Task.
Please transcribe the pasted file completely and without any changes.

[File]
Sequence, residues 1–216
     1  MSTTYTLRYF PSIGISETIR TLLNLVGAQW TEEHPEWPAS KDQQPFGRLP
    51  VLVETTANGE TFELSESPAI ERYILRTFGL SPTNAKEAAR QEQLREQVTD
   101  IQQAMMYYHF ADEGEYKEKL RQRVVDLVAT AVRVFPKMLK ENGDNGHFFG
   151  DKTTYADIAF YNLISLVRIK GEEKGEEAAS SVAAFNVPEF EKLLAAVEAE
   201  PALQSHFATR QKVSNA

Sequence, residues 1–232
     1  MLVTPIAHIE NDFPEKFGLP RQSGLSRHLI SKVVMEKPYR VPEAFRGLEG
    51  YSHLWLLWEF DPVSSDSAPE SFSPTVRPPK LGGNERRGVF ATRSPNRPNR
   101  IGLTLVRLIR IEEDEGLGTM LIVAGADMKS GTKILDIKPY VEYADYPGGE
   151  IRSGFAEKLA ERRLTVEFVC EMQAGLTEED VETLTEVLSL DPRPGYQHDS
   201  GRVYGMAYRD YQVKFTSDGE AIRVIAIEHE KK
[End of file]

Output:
Sequence, residues 1–216
     1  MSTTYTLRYF PSIGISETIR TLLNLVGAQW TEEHPEWPAS KDQQPFGRLP
    51  VLVETTANGE TFELSESPAI ERYILRTFGL SPTNAKEAAR QEQLREQVTD
   101  IQQAMMYYHF ADEGEYKEKL RQRVVDLVAT AVRVFPKMLK ENGDNGHFFG
   151  DKTTYADIAF YNLISLVRIK GEEKGEEAAS SVAAFNVPEF EKLLAAVEAE
   201  PALQSHFATR QKVSNA

Sequence, residues 1–232
     1  MLVTPIAHIE NDFPEKFGLP RQSGLSRHLI SKVVMEKPYR VPEAFRGLEG
    51  YSHLWLLWEF DPVSSDSAPE SFSPTVRPPK LGGNERRGVF ATRSPNRPNR
   101  IGLTLVRLIR IEEDEGLGTM LIVAGADMKS GTKILDIKPY VEYADYPGGE
   151  IRSGFAEKLA ERRLTVEFVC EMQAGLTEED VETLTEVLSL DPRPGYQHDS
   201  GRVYGMAYRD YQVKFTSDGE AIRVIAIEHE KK